Police have launched an investigation after a hunt’s hounds chased a fox and deer via the grounds of an animal sanctuary, inflicting dozens of cats to...
Police have launched an investigation after a hunt’s hounds chased a fox and deer via the grounds of an animal sanctuary, inflicting dozens of cats to “flee for their lives”.
The Celia Hammond Animal Trust is house to 130 rescued cats at its Greenacres Rehoming Centre and Sanctuary, close to Hastings, in East Sussex.
Police introduced on Friday they’d be launching an investigation after a pack of “uncontrolled” canine ran via its grounds, resulting in 60 of its residents going lacking.
The animal sanctuary mentioned in an announcement: “We posted on social media about a very frightening and traumatic incident that occurred on Tuesday… at 4pm at our sanctuary in East Sussex when a pack of uncontrolled fox hounds in full cry ran through the sanctuary in pursuit of a fox and a deer forcing our resident cats who live freely in the grounds to flee for their lives.”
The sanctuary mentioned Tuesday’s occasions have been “extremely traumatic for our resident animals” and “shocking and distressing” for workers and volunteers, who spent an hour and a half making an attempt to “chase the large fox hounds back out of the sanctuary grounds”.
“We have lodged a complaint with the police and East Sussex and Romney Marsh Hunt and will be seeking legal advice on the way forward,” Celia Hammond Animal Sanctuary added.
As of Saturday morning, eight cats have been nonetheless unaccounted for.
A spokesperson on behalf of East Sussex and Romney Marsh Hunt mentioned the huntsmen “apologised to the owners right away for any inconvenience caused”.
An earlier assertion launched by Sussex Police this week mentioned that circumstances surrounding the incident have been being “reviewed” to determine whether or not any prison offences had taken place.
The newest assertion from Sussex Police mentioned that Tuesday’s incident could have violated the Hunting Act.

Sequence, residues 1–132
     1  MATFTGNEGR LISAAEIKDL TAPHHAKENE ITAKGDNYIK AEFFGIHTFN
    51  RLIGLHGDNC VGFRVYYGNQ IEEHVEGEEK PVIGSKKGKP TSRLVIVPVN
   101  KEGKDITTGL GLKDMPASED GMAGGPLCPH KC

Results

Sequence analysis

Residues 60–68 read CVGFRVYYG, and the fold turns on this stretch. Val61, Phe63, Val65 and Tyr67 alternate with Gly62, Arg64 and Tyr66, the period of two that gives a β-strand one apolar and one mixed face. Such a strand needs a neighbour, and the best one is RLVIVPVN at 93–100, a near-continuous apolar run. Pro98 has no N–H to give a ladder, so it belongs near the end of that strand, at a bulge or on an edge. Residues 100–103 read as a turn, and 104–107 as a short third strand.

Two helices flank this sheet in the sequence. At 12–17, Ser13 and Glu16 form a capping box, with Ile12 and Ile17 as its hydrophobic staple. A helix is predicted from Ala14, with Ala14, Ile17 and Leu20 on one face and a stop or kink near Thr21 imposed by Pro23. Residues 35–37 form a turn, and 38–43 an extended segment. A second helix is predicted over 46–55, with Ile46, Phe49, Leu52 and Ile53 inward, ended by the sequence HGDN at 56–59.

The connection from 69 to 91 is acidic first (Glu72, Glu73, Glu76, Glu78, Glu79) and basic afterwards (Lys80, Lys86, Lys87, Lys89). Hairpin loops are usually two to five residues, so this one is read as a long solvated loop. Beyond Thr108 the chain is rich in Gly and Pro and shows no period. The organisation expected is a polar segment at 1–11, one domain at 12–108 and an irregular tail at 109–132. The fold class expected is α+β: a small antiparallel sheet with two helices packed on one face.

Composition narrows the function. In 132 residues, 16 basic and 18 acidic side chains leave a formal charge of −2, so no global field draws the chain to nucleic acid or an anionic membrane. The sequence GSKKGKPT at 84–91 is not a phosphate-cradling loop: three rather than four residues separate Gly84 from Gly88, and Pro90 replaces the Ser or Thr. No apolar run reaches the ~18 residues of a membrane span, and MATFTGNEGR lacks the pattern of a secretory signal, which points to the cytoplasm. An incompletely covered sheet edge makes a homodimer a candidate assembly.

The pressure issued the next assertion on Friday in a sequence of tweets on social media:
“We are now investigating the incident at Celia Hammond Animal Trust, which potentially involves a number of complex areas of law, including dog legislation and the Hunting Act. If criminal offences are identified, we will move forward with a view to prosecution. “We will update when the investigating is complete. “Many have asked why no action was taken immediately by the officers who attended at the time. Much of the detail of the incident has only come to light since we assisted sanctuary staff remove the dogs from the land to reduce the impact on the affected animals as quickly as possible. “The sanctuary owner has provided more information and officers are in touch with her. “We have to focus on fact and the law, which we uphold, but do not make. “While we appreciate this is a very emotive subject, we would respectfully ask that you do not use other posts on our social media to make your points as this is having an impact on other important messages to keep people safe from threat and harm.”
In an announcement to the Mirror Online, a spokesperson for the hunt added: “We can affirm that hounds met at Udimore, close to Rye on January 9 and have been legally trail-hunting all through the day to adjust to the Hunting Act 2004.
“Although nobody from the hunt witnessed hounds following anything other than their original trail, it is suspected that a few hounds might have deviated from their trail onto the scent of a live quarry which they followed into the wildlife sanctuary.”
HuffPost UK has contacted East Sussex and Romney Marsh Hunt for additional remark.
Since the incident, hundreds of kilos have been donated to the animal charity on its JustGiving web page, with greater than £6,000 being raised on the time of writing.
Last yr, police launched an attraction for witnesses after a member of the East Sussex and Romney Marsh Hunt was caught on digicam repeatedly whipping a hunt saboteur.